How local start-up, stock market bond firms up economy

A trader at a market in Nairobi. FILE PHOTO | NMG In 1999, a young entrepreneur and former teacher of English from Hangzhou searched the internet for the word ‘beer’ and realised that the results did not have a single brand from China. He was even more surprised after searching for the word ‘China’ to realise that not a single result popped up.

It was then that he identified an opportunity and convinced 17 of his friends to join him in setting up an e-commerce start-up in his apartment.

Today, he is the second richest man in China. Jack Ma, the former executive chairman of listed company Alibaba, with an estimated net worth of $48.2 billion.

His story is an inspiration for home-grown companies across the world.

In Kenya, we have 7.4 million potential Alibabas across sectors. Majority of these are the micro, small and medium sized enterprises that can be found in local neighbourhood started as a way to put food on the table.

The spectrum of these companies is diverse and ranges from your corner shop grocery stores, to your convenience shops (kiosks), all the way to supermarket chains and manufacturers.

These local enterprises form the backbone of the Kenyan economy and their growth translates to the direct growth of the economy.

This is where commerce and the stock market form an inseparable bond. The local enterprises require capital for growth and expansion and the stock market provides an avenue to raise it.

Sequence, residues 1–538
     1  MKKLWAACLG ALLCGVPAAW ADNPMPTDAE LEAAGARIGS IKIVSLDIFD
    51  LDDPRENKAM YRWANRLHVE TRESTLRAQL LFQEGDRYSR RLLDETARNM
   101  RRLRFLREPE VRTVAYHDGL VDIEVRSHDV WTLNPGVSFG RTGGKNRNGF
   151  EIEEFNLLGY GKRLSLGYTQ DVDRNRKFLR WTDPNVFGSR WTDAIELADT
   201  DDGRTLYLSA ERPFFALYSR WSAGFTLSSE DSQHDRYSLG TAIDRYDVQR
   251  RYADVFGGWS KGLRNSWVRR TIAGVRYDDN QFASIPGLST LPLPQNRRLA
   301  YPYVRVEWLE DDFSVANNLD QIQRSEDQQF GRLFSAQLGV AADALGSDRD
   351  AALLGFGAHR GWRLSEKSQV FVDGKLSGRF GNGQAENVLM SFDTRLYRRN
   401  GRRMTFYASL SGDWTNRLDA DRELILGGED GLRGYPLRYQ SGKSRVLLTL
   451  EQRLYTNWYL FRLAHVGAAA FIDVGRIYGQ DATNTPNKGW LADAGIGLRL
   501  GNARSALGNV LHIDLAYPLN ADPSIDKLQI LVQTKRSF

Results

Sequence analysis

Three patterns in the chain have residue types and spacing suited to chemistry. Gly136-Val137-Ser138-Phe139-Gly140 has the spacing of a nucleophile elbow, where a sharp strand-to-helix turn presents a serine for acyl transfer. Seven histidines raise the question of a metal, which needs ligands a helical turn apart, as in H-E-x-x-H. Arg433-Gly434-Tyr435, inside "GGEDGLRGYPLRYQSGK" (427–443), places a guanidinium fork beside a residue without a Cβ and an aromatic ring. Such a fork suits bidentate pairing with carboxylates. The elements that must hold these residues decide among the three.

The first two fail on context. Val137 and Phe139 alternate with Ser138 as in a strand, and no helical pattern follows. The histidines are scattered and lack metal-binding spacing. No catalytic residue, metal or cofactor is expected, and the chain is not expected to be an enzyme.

The local enterprises require credibility to ensure brand eminence and the stock market provides it. These family-owned businesses require a shot in the arm on corporate governance and the stock market provides exactly that.

And as these companies seek to achieve their dreams of growth to become the next Alibaba, then they may need to explore the stock market.

Kenya is the cradle of innovation, and our enterprises are among the best in the world. Our stock market may have giants that are capitalised to the billions of shillings, but there is no better place for local enterprises to stand with the local giants as at the stock exchange.The different market segments at the Nairobi Securities Exchange allow for choice and diversity with the common thread of all listed companies being growth and credibility.NSE has embarked on initiatives to support local enterprises and uplift them.One such example is the Ibuka programme, an incubation and acceleration desk that the exchange created in 2019 to enable […]

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